This species is a lesserknown member of the genus Thwaitesia. Despite their blinged-up appearance, the spiders are actually masters of disguise. The mirrors provide camouflage by reflecting the surrounding environment, dispersing light like a disco ball and giving the spiders the appearance of water droplets lying on the plants.
“A spider that even an arachnophobe could love, these sequined or disco ball spiders reveal just how rich and diverse the spider fauna of the world is,” says Prof Adam Hart, BBC broadcaster and entomologist at the University of Gloucester.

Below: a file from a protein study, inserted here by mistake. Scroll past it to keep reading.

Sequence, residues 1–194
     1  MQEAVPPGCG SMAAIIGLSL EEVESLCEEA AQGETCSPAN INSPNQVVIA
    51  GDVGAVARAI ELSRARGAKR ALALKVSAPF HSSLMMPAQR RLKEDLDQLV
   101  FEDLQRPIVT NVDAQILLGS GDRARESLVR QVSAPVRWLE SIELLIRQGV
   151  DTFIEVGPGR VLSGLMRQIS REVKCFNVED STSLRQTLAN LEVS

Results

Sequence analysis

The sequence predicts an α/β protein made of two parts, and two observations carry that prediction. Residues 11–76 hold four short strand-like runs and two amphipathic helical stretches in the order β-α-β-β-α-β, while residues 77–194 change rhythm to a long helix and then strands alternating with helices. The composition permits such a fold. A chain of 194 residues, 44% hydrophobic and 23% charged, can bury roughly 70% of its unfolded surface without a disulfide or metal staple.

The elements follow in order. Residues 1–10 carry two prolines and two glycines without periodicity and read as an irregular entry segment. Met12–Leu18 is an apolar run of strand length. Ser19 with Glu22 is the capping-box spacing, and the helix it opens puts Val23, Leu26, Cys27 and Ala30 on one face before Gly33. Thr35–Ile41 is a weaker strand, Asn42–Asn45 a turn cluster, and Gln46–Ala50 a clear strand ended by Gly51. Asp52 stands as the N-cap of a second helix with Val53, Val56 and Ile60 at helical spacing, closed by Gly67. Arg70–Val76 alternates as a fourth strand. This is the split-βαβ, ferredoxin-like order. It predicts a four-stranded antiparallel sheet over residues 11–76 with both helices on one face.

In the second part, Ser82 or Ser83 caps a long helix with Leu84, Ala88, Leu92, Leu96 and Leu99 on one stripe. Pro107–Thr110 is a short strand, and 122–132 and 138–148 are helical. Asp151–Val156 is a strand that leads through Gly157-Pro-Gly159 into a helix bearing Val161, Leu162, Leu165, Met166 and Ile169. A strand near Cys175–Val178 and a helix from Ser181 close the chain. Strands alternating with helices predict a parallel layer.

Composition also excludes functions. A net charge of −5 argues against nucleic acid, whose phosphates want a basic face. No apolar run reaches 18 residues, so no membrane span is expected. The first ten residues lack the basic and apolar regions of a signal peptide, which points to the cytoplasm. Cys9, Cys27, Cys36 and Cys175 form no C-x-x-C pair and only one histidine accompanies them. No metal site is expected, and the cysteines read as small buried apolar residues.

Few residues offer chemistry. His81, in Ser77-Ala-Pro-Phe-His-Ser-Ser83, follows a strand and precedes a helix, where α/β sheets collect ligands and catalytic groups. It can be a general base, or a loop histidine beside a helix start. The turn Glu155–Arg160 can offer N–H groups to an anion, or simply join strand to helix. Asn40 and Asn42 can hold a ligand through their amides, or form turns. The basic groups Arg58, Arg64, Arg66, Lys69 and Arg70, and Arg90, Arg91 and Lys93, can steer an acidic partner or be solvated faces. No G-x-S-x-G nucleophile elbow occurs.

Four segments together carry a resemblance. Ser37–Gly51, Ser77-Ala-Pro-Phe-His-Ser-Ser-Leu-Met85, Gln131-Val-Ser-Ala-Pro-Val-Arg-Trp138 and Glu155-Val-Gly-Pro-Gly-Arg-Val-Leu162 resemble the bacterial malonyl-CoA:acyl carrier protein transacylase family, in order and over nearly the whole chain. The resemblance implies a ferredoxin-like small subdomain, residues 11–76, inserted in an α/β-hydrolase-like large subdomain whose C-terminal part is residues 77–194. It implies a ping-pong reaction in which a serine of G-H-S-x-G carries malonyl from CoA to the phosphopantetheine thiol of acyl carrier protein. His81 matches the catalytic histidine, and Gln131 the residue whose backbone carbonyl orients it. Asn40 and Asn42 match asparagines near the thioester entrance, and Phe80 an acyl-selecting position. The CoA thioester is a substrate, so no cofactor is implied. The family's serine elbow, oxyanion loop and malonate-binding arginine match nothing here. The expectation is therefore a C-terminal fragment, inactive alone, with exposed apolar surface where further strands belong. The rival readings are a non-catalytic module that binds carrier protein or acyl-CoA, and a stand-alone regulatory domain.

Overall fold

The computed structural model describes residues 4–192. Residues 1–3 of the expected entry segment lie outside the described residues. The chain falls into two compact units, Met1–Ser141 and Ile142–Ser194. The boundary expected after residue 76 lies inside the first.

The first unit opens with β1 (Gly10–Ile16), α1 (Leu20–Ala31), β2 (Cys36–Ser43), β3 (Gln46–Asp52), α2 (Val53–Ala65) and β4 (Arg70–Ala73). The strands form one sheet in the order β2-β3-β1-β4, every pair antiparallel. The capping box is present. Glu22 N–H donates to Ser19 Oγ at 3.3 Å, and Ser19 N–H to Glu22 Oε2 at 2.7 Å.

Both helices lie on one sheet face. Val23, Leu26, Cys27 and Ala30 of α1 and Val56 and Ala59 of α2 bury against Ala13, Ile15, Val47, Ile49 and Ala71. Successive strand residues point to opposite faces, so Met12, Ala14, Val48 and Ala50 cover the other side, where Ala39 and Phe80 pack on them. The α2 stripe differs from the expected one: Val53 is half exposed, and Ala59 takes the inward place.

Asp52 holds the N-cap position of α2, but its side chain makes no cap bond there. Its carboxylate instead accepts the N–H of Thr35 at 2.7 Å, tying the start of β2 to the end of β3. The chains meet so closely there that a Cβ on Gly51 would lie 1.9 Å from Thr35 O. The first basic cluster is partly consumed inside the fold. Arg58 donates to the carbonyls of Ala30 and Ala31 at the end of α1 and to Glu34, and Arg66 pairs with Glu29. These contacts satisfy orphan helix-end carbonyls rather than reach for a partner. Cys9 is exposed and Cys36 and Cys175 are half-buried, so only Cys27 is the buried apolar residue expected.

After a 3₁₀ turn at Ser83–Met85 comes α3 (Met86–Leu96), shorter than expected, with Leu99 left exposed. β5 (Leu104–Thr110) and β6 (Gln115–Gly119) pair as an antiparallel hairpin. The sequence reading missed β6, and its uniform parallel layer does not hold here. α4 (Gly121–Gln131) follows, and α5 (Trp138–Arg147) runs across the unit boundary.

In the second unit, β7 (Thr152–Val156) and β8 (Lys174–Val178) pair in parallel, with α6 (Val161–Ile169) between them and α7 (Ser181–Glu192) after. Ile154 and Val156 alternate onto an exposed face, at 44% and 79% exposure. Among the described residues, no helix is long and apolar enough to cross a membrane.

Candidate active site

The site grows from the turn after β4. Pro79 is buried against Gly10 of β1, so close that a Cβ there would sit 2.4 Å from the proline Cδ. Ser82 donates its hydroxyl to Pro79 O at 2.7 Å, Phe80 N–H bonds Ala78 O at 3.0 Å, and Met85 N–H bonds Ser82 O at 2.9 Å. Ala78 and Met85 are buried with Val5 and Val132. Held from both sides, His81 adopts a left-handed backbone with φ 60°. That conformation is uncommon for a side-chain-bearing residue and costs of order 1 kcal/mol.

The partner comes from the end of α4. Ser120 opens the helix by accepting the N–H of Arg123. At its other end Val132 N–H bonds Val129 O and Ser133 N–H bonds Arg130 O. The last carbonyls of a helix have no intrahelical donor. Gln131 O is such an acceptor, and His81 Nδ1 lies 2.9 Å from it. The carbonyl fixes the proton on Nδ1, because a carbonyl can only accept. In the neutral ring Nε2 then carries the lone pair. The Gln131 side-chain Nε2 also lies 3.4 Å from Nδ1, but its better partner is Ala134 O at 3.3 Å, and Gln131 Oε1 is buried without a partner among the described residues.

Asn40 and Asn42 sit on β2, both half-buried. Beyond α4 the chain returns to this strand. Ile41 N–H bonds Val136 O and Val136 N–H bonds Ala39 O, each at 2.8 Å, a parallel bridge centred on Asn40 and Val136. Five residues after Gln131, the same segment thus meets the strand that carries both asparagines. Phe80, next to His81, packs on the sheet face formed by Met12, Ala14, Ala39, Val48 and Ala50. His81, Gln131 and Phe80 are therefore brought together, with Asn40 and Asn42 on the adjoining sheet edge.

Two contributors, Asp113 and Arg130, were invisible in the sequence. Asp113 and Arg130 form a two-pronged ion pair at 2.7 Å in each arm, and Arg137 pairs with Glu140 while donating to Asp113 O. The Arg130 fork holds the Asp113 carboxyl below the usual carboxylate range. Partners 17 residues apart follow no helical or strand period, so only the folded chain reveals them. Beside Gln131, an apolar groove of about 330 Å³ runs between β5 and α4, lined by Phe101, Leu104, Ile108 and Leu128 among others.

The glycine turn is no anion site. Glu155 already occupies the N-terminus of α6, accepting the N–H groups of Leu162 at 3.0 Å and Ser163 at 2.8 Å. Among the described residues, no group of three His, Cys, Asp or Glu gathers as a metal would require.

The silvery patches are made up of guanine crystals, a substance that also gives fish scales their shimmer and shampoo its shine. Though they look like solid shards, the ‘mirrors’ often change in size, retracting when the arachnids are threatened and swelling up when they relax.